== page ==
Constitution Revolution: Interpretation 101

This post is the continuation of a weekly Constitution Revolution series that will cover the entire Constitution and many of the principles it was founded on. Click here for last week’s lesson.

Imagine that you want to buy a house from me, so you and I enter into a contract to transfer ownership of the property.

If you and I agree that the purpose of the contract is for you to purchase the house from me, what is one thing we can assume to be true about each individual part of the contract? We can assume that each of those parts was intended to help achieve the overall goal of you buying the house from me. To assume anything else would be foolish.

It makes to sense to believe that one individual part of our contract would have a meaning that would completely defeat the entire purpose the document was created for. What logical reason would you and I have for including a clause that did that? None.

[sharequote align=”center”]Because of flawed interpretation, the Constitution no longer protects rights or preserves liberty.[/sharequote]

It’s no less ridiculous to argue that a given clause of the Constitution has a meaning that completely defeats the purpose that the document was created to serve. That is why, as I mentioned this weekend on TheBlaze Radio’s Chris Salcedo Show, we need to keep the purpose of the Constitution as a whole in mind whenever we are interpreting it:

The founders of this country were brilliant people. They wrote a Constitution that was designed to limit the federal government and protect the liberty of the American people. It is common sense to assume that every clause that they included in our Constitution was intended to achieve those primary goals. It would be illogical to assume that these brilliant people would approve clauses that completely contradicted the entire reason they were writing a constitution in the first place.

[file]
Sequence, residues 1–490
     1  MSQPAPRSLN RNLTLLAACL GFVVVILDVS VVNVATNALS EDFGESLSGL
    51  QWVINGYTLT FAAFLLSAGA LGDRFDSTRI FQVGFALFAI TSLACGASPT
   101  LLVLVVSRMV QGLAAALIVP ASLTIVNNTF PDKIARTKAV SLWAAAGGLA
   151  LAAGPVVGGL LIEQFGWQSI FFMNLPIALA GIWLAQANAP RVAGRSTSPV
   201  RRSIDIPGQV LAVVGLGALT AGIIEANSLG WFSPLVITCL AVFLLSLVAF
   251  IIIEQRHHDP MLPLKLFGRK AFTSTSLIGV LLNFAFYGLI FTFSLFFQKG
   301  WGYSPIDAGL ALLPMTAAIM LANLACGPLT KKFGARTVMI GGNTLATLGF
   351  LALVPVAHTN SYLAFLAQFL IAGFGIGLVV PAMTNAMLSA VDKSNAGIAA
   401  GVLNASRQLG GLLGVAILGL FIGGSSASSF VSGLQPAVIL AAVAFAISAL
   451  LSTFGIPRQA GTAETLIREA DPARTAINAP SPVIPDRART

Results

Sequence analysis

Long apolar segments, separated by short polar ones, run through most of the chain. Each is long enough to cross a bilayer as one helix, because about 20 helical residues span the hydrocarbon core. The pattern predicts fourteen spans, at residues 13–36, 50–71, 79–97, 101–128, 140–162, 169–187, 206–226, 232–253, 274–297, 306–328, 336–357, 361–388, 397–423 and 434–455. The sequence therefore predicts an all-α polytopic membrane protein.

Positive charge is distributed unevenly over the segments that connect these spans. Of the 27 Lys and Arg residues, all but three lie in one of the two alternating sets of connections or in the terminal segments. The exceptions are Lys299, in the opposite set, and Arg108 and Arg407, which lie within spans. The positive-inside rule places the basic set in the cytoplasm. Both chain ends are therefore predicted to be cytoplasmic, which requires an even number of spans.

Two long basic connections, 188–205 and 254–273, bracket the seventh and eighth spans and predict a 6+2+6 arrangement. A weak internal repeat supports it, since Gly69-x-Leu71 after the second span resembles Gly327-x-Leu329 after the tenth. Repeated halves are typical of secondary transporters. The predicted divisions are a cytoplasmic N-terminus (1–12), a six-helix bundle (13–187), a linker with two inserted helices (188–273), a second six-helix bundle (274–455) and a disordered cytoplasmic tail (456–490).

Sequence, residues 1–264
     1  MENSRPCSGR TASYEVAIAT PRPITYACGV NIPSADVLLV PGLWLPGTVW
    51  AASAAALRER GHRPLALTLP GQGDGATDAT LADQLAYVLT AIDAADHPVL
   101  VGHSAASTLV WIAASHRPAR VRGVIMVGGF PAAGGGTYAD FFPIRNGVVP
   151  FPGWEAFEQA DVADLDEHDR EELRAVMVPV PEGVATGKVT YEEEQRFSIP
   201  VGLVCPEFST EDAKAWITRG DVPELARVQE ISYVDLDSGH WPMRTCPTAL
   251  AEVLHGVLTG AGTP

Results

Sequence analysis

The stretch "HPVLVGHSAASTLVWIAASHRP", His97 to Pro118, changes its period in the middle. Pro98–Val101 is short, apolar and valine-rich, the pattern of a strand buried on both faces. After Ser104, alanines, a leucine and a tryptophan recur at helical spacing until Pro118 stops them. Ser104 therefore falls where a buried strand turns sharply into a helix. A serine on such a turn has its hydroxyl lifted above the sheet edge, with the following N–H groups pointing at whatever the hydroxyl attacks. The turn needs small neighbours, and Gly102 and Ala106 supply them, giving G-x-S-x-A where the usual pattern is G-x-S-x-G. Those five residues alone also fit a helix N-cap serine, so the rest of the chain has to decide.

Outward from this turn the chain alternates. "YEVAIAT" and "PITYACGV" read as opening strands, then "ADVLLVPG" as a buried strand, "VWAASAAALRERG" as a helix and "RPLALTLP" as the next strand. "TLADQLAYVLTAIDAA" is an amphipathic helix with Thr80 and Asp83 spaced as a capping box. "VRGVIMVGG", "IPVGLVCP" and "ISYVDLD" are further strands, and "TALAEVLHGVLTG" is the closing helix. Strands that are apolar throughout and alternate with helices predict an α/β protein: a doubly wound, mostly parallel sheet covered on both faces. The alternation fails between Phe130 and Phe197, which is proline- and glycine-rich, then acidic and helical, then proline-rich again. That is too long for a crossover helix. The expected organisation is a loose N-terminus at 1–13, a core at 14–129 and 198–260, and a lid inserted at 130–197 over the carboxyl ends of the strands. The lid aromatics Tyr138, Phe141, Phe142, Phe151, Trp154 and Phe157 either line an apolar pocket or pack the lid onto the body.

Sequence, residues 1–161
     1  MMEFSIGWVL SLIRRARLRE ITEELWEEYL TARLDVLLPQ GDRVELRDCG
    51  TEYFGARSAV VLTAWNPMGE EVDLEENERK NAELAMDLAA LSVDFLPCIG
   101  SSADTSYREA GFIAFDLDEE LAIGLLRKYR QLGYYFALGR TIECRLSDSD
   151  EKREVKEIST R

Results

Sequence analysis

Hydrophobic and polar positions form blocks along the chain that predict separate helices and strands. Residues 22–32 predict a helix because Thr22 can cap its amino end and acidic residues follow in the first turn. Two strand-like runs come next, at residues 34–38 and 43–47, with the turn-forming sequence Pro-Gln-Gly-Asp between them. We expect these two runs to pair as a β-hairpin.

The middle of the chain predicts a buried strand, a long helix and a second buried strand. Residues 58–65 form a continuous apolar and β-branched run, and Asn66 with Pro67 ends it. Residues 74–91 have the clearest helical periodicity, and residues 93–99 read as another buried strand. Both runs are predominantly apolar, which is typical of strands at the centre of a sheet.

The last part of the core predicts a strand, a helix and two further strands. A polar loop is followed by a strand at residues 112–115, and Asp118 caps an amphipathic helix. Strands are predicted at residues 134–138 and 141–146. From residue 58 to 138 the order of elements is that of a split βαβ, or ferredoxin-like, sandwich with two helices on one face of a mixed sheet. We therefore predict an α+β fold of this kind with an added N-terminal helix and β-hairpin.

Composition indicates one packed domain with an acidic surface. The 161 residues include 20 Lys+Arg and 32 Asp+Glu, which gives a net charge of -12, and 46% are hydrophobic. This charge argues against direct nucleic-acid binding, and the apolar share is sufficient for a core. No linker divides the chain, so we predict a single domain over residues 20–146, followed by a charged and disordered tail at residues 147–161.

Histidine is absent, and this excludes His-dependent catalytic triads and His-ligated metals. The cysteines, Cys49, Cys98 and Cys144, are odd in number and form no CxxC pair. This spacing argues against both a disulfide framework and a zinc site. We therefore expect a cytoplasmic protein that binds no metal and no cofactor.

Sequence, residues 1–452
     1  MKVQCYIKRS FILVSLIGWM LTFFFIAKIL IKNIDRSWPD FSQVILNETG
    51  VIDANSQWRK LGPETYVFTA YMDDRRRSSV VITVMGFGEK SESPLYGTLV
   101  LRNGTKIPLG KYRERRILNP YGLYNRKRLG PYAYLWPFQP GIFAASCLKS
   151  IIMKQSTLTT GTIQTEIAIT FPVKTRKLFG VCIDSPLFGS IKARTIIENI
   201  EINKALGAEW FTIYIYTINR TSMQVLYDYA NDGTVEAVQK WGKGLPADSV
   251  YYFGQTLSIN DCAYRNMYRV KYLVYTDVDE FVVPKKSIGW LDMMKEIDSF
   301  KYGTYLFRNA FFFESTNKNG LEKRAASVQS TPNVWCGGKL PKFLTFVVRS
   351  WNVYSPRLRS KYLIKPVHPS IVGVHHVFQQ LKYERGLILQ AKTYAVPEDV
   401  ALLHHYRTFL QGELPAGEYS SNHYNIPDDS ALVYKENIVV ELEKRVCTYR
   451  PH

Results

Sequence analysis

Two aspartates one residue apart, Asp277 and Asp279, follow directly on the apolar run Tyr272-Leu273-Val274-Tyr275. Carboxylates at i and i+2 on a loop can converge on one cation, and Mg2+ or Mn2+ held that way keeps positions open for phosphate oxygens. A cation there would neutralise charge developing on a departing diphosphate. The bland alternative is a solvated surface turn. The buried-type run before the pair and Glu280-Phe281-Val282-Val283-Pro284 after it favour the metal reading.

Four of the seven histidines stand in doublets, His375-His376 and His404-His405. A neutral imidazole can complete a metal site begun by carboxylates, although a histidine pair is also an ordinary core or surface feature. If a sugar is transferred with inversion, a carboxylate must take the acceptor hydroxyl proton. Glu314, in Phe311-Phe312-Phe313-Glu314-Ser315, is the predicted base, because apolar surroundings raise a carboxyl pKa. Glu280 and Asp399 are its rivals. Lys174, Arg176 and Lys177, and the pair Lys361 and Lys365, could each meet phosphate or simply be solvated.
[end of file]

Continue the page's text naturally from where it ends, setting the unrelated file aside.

In order to get to the proper interpretation of the Constitution – the one that will protect our rights and preserve our liberty – we have to make sure that we don’t lose sight of the purpose of the document as a whole. To help you with that, here are four things that we know to be true about the Constitution:

  1. It was designed to create a limited federal government. We should be very leery of any interpretation that would create an unlimited, or a nearly unlimited, federal government.
  2. It was designed to protect the liberty and individual rights of the American people. Anything that allows the federal government to violate our rights is almost certainly unconstitutional.
  3. The federal government does not have the power to do anything until that power is granted to it. If you can’t point to where a power is granted to the federal government in the Constitution, it doesn’t have that power.
  4. The States were intended to play a critical role in how our country functions. Any interpretation of the Constitution that would effectively make the states obsolete is incorrect. At the time that the Constitution was ratified, people were very loyal to their home states. It’s just not realistic to believe that they would have approved a Constitution that would have made those states irrelevant.

As we are reading the Constitution, we need to compare any interpretation we come up with against these four truths. Any interpretation that is inconsistent with even one of these statements, or would serve to make one of them false, is most likely incorrect. On the other hand, when you find an interpretation that is consistent with each of these four statements, that is good sign that you are on the right track.

The concept here couldn’t be any simpler: we should assume that every clause in the Constitution has a meaning that is consistent with the purpose of the overall document.

But because we have abandoned that idea, we now have a virtually unlimited federal government that has the power to violate our rights on a daily basis. The fact that the government we have today is the direct opposite of what the Founders were trying to create should be a pretty big red flag that we aren’t interpreting the Constitution correctly.

It should also tell us that because of this flawed interpretation, the Constitution is no longer able to protect our rights or preserve our liberty.

Chad Kent is an author and speaker with a unique style that makes the Constitution simple and fun. Listen to Chad every Saturday during The Chris Salcedo Show on TheBlaze Radio and visit his web site at www.ChadKentSpeaks.com.

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